FOR a Muslim, the line between fighting a “holy war” and terrorism seems to have blurred. Over the recent weeks parents have been watching a television advertisement cautioning them not to allow their children to grow up to become jihad warriors.
The advertisement begins with a cuddly baby being picked up by his father, then traces his growing years. Graduating from university, he sports a little goatee, symbolic of his allegiance to Prophet Muhammad.
In the end, the young man is killed. A grieving father weeps.
It almost seemed a prophetic description of the life of Dr Azahari Husin, 47, the Reading University PhD graduate who years later gave up his promising career at the Universiti Teknologi Malaysia to make bombs. He died in a hail of bullets.
Prime Minister Datuk Seri Abdullah Ahmad Badawi regretfully described Azahari’s death last week as “a loss”. “Terrorism cannot be the path for us to follow,” he said.
Malaysia’s dwindling sekolah pondok or religious schools once had their equivalent in Indonesia’s widespread pesantren, a seemingly more fertile preparatory ground for budding Islamic warriors.
Afghanistan provided a convenient training ground. The Mujahideen are ready tutors. I suppose from pesantren to Afghanistan is not that long a skip away.
But not all who embrace jihad were brought up in the pesantren.
Azahari studied at the Malay College Kuala Kangsar before leaving for Britain. He looked like a most unlikely explosives expert. I would definitely have given him street directions had he stopped me to ask.
Nor are all devout Muslims potential terrorist recruits. Many who grew up in the Islamic resurgence of the 1970s and 80s continue to spread the faith through dakwah activities.
Tabligh members, for instance, teach, treat patients and help rebuild dilapidated houses from Terengganu to Pakistan. Islam, after all, is worldwide.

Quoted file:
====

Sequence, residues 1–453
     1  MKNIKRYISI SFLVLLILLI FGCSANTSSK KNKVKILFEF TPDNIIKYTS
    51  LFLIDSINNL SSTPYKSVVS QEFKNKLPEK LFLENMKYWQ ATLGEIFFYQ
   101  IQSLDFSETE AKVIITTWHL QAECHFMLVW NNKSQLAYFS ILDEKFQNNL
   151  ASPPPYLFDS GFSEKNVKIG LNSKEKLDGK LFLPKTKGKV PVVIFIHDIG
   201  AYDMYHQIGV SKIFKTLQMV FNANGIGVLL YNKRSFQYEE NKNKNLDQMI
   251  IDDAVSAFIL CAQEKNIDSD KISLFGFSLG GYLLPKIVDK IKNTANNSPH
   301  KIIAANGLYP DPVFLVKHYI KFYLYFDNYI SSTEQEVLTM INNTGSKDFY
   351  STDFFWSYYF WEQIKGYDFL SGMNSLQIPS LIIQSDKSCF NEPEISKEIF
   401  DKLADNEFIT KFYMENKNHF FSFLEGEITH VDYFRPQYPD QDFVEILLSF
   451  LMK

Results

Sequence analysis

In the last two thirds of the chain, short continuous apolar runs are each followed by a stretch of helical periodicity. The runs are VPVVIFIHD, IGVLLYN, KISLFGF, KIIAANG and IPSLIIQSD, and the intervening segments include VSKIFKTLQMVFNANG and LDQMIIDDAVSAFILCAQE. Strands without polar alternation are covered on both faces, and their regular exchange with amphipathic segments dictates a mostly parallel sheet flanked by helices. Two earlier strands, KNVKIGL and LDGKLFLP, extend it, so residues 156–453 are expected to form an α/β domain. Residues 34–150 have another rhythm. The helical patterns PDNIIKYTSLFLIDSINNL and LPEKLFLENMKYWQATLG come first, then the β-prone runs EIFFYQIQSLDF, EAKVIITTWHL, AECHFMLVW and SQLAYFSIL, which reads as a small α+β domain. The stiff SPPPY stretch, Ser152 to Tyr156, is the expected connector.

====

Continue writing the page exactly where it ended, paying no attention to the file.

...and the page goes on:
A long, long time ago, when I attended my first ceramah in Marang, Terengganu, by now PAS president Datuk Seri Abdul Hadi Awang, the congregation of devout shouted “Allahu akbar!” at the close. I was terrified. I thought they were trying to exorcise the gathering of the less-than-committed.
Years have passed and humbly, I hope to have become more of a practising Muslim. Certainly PAS has come full circle, having returned to its more “open political party” identity, shedding its once “extremist” image.
I do not, and perhaps never will, understand the mind of a terrorist.
What prompts Muslims to build cross-border networks of resistance? What makes them think that building bombs or recruiting agents or seeking financial backing for the cause is the answer to the United States dominated and economically lopsided world? Or tragically, for that matter volunteering as a suicide bomber?
Among the Palestinians, one can perhaps try to envisage a life hardened by deprivation. Boys of 13 traded in toy guns for real hardware, having seen their fathers and brothers killed in the cause. Social norms may have driven them to retaliate. Or they simply had nothing left to live for.
But elsewhere, and specifically in Malaysia, what was the impetus? How did dying for Islam suddenly become a badge of honour?
Malaysia’s solution is to lock up activists who the Home Ministry believes to be a threat to national security and peace – in Kamunting, under the Internal Security Act.
Meanwhile, regional concerted action against terrorists will only drive them to regroup in another guise.
Terrorism, of course, is not confined to Muslims. A true believer of any cause, if translated into violence, can be a terrorist: the Japanese Red Army’s defiance, the Tupac Amaru Revolutionary Movement’s 1996 hostage-taking in Peru, the 1995 bombing of the Alfred P. Murrah Federal Building in Oklahoma City, Kansas, were all acts of terrorism.
But in the South-East Asian context, terrorism does wear a Muslim face. Scary. And ironic. For Islam forbids suicide – it is considered an unpardonable sin.
Plus, Islam means peace.
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